The complex and interrelated challenges that place-based initiatives such as Promise Neighborhoods address require that many stakeholders be involved, informed, and inspired to act. Stakeholders must understand and buy into the initiative’s priority challenges, responsive strategies, and overall goals. This engagement is vital to effective implementation, including evaluating what works, deciding what to sustain, and investing in the most potent strategies. Effective messaging is necessary for creating a common understanding and mobilizing necessary action from the community. This guide is designed for project teams working on place-based initiatives as a resource for establishing a communications strategy and developing compelling stories about their work. It offers a useful framework for stakeholder engagement and an application of this framework to the Promise Neighborhoods context. The guide also includes a resource list with tools and references that readers can access to support the actions recommended throughout the guide. (Author abstract)

     

     

     

    The complex and interrelated challenges that place-based initiatives such as Promise Neighborhoods address require that many stakeholders be involved, informed, and inspired to act. Stakeholders must understand and buy into the initiative’s priority challenges, responsive strategies, and overall goals. This engagement is vital to effective implementation, including evaluating what works, deciding what to sustain, and investing in the most potent strategies. Effective messaging is necessary for creating a common understanding and mobilizing necessary action from the community. This guide is designed for project teams working on place-based initiatives as a resource for establishing a communications strategy and developing compelling stories about their work. It offers a useful framework for stakeholder engagement and an application of this framework to the Promise Neighborhoods context. The guide also includes a resource list with tools and references that readers can access to support the actions recommended throughout the guide. (Author abstract)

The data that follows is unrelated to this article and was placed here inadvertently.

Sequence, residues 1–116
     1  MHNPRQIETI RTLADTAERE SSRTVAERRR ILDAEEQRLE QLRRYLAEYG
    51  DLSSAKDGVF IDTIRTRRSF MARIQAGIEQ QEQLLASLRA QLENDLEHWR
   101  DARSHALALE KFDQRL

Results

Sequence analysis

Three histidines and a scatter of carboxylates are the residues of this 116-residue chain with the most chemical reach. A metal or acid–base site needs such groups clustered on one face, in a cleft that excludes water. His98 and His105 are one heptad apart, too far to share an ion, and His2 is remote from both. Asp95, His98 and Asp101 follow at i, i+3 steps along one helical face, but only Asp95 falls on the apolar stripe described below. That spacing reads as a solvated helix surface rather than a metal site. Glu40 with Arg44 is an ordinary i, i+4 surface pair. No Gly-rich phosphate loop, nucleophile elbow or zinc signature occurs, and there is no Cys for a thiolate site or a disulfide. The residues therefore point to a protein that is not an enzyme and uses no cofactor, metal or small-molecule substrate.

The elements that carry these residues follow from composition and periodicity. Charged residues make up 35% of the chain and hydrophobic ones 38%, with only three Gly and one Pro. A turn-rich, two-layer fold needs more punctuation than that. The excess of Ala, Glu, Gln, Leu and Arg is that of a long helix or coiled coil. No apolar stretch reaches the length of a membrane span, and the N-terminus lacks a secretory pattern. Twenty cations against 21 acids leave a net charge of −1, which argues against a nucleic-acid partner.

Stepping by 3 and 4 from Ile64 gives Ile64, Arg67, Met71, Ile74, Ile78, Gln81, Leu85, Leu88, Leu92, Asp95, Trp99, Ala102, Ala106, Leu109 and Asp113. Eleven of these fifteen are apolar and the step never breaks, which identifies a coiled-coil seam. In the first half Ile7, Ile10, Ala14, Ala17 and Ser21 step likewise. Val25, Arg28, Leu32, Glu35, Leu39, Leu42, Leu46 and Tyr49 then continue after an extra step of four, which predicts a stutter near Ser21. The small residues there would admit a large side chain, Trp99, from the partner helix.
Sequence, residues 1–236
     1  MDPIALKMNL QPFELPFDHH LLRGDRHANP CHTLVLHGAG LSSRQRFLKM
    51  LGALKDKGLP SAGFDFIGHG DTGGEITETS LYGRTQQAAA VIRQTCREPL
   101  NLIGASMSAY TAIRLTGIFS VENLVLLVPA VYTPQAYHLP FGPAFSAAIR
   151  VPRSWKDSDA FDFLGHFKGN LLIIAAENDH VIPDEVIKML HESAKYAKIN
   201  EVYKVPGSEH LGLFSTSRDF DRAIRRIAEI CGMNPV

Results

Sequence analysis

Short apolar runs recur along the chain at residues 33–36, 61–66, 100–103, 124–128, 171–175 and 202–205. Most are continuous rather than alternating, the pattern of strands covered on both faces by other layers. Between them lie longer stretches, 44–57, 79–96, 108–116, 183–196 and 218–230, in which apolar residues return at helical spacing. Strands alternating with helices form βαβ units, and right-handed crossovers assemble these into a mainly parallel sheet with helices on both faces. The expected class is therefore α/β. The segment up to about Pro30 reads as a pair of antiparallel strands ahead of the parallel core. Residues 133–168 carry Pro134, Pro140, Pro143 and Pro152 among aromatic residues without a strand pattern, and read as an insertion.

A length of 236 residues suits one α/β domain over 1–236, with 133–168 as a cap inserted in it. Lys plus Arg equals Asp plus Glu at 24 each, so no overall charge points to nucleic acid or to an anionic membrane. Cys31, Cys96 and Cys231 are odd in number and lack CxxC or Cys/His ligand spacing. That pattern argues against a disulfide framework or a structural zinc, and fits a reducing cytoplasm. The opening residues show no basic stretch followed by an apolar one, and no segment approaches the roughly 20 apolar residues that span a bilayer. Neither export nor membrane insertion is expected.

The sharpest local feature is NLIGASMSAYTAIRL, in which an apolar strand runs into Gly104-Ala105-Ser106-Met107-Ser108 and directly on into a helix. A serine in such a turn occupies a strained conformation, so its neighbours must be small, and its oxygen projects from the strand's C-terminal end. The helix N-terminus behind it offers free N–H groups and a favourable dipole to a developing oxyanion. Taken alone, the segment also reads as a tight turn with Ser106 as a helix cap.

• Individual Author: Stacy, Christina; Craigie, Terry-Ann; Meixell, Brady; MacDonald, Graham; Zheng, Sihan Vivian; Davis, Christopher; Baird, Christina; Chartoff, Ben; Hinson, David; Lei, Serena
    Reference Type: Dataset